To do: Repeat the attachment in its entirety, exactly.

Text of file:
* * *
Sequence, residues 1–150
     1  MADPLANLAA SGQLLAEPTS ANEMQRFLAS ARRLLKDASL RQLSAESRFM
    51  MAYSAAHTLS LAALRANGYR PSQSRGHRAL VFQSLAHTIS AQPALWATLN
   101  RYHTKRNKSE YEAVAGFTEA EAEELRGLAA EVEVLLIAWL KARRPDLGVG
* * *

Sequence, residues 1–150
     1  MADPLANLAA SGQLLAEPTS ANEMQRFLAS ARRLLKDASL RQLSAESRFM
    51  MAYSAAHTLS LAALRANGYR PSQSRGHRAL VFQSLAHTIS AQPALWATLN
   101  RYHTKRNKSE YEAVAGFTEA EAEELRGLAA EVEVLLIAWL KARRPDLGVG